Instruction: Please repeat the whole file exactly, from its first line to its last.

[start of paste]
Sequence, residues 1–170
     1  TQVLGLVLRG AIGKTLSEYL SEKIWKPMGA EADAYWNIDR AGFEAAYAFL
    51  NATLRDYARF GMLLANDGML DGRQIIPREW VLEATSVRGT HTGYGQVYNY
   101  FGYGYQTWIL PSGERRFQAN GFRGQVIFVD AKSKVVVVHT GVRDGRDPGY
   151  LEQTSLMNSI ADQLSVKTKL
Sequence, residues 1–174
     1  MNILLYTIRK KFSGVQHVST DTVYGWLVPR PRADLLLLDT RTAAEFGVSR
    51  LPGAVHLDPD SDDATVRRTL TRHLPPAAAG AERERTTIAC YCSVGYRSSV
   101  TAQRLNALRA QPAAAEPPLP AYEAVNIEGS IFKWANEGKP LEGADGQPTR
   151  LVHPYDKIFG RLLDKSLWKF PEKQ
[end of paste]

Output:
Sequence, residues 1–170
     1  TQVLGLVLRG AIGKTLSEYL SEKIWKPMGA EADAYWNIDR AGFEAAYAFL
    51  NATLRDYARF GMLLANDGML DGRQIIPREW VLEATSVRGT HTGYGQVYNY
   101  FGYGYQTWIL PSGERRFQAN GFRGQVIFVD AKSKVVVVHT GVRDGRDPGY
   151  LEQTSLMNSI ADQLSVKTKL
Sequence, residues 1–174
     1  MNILLYTIRK KFSGVQHVST DTVYGWLVPR PRADLLLLDT RTAAEFGVSR
    51  LPGAVHLDPD SDDATVRRTL TRHLPPAAAG AERERTTIAC YCSVGYRSSV
   101  TAQRLNALRA QPAAAEPPLP AYEAVNIEGS IFKWANEGKP LEGADGQPTR
   151  LVHPYDKIFG RLLDKSLWKF PEKQ